Iranian filmmaker Nahid Hassanzadeh, 40, says artistes cannot be banned. And even if an artiste is banned, he or she will find a way to do whatever he/she likes.
Nahid takes the example of renowned Iranian filmmaker Jafar Panahi, who has a 20-year filmmaking ban by the Iranian government.
In 2015 Panahi directed Taxi, the third film he has made despite the ban. The film was not only screened at the 65th Berlin International Film Festival. It also won the highest honour in Berlin by bagging the Golden Bear award.
A fan of Panahi’s work, Nahid, says though the filmmaker is not allowed to move out of Iran, he keeps meeting other filmmakers and also goes to various film festivals in the country. “Nobody can ban artistes. I met him at a film theatre. His films always inspire me,” says Nahid, who is in town to attend the Kolkata International Film Festival. Nahid’s film, Another Time, has been selected under the International Competition: Women Directors’ Films section at KIFF.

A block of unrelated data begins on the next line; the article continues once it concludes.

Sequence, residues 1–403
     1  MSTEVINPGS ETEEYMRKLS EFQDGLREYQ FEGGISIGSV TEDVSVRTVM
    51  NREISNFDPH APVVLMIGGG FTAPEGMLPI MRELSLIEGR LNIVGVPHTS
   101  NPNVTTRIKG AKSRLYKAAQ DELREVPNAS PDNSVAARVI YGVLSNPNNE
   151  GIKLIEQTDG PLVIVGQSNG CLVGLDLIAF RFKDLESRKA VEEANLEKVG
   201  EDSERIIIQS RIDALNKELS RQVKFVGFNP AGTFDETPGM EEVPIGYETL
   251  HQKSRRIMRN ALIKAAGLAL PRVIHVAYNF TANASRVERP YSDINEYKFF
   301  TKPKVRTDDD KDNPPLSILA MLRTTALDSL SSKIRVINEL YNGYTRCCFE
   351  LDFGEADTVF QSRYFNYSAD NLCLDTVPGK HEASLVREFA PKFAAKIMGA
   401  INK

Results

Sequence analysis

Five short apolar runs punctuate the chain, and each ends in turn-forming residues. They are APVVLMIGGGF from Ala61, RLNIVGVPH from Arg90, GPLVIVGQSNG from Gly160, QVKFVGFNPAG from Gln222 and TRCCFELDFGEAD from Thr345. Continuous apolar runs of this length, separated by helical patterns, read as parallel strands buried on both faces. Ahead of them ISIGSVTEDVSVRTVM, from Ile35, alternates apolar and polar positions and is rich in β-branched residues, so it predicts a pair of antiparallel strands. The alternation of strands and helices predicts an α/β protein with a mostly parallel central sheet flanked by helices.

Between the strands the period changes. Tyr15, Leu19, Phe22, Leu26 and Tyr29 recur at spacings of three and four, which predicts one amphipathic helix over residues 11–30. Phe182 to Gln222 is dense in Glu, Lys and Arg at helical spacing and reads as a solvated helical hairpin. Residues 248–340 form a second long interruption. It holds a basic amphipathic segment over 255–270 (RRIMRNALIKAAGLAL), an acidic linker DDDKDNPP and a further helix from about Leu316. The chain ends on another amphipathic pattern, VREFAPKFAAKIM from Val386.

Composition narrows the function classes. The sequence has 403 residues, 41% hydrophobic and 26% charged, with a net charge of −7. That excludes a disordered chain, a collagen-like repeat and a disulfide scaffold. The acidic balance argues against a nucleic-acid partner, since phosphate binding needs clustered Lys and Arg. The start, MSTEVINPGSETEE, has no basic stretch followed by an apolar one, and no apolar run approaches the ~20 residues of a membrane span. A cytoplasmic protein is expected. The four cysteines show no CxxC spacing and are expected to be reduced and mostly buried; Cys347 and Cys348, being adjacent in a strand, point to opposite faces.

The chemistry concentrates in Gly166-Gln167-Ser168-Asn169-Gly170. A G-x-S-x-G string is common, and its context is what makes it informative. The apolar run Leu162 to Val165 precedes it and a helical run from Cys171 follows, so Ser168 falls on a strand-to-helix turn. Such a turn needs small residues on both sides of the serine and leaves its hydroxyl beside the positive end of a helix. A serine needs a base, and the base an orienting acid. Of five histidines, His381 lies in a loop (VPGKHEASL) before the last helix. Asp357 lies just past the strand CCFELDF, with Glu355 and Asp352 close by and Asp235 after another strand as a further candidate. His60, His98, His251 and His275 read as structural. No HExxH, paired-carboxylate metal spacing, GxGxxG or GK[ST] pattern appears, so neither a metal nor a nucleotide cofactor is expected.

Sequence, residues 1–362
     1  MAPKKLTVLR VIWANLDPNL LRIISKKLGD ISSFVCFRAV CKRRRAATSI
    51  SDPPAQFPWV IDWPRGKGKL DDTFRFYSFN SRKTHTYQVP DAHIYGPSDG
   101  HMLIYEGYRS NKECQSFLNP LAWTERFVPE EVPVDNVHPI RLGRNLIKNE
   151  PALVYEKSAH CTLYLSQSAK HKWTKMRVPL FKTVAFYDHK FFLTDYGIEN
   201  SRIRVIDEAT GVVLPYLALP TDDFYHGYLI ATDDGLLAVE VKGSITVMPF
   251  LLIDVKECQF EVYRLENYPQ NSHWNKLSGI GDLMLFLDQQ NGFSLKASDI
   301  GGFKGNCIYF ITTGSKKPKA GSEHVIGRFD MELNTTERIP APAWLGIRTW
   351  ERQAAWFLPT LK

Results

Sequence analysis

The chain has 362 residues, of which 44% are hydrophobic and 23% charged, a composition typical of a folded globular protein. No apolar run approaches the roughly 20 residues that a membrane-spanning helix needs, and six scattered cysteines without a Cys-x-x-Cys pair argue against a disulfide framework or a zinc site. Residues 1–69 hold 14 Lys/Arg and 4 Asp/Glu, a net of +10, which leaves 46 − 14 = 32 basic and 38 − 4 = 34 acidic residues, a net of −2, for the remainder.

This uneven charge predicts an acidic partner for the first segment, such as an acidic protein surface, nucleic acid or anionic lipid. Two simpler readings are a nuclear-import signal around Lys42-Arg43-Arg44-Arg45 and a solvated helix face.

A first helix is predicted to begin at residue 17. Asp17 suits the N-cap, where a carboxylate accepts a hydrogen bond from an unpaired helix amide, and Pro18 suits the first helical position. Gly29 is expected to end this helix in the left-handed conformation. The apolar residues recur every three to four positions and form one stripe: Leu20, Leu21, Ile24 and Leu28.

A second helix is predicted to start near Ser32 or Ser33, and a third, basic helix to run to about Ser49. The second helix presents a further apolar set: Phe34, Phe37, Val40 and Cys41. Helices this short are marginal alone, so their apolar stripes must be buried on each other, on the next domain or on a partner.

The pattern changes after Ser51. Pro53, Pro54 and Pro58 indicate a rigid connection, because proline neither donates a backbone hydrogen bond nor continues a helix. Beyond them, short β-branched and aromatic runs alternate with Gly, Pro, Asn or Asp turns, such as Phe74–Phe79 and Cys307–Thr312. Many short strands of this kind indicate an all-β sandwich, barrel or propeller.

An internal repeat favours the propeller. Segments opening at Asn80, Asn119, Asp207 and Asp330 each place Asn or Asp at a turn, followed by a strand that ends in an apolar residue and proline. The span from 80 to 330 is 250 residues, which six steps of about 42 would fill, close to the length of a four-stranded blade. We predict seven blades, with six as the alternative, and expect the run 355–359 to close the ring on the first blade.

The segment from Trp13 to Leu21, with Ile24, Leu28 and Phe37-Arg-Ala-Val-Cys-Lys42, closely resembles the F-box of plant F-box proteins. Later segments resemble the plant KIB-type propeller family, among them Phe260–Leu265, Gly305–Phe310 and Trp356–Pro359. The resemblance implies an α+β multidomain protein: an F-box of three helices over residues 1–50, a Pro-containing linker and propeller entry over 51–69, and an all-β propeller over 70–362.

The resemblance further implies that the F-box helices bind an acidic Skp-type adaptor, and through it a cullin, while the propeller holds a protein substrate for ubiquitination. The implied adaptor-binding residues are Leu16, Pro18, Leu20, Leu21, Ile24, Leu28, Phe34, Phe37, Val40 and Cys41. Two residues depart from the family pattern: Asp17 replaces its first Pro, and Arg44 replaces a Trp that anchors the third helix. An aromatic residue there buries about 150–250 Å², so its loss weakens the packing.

Interestingly, before studying cinema at the Iranian Young Cinema Society, Nahid studied midwifery from Tehran University. She started making short films and documentaries as she continued her profession as a midwife.
In Another Time, she shows the struggle of a woman, Somayeh, who gives birth out of wedlock. Nahid admits most of her short films and documentaries deal with women issues. And she has her reasons. She also informs that the idea to make a film like Another Time came from her profession as a midwife.
“I am a midwife and I have been working with women and girls for a long time. So, it’s easier for me to understand the problems and struggle of women in Iran. That’s how I got the idea to make Another Time,” she says in broken English.
It’s not unknown that women in Iran have a restricted life. Be it the way they dress in public or the kind of jobs they take up — women in Iran face a lot of problems in their daily lives. Nahid informs that it’s very difficult for a young, independent woman to shoot films in Iran. “Women are not allowed to speak their mind in Iran,” says Nahid.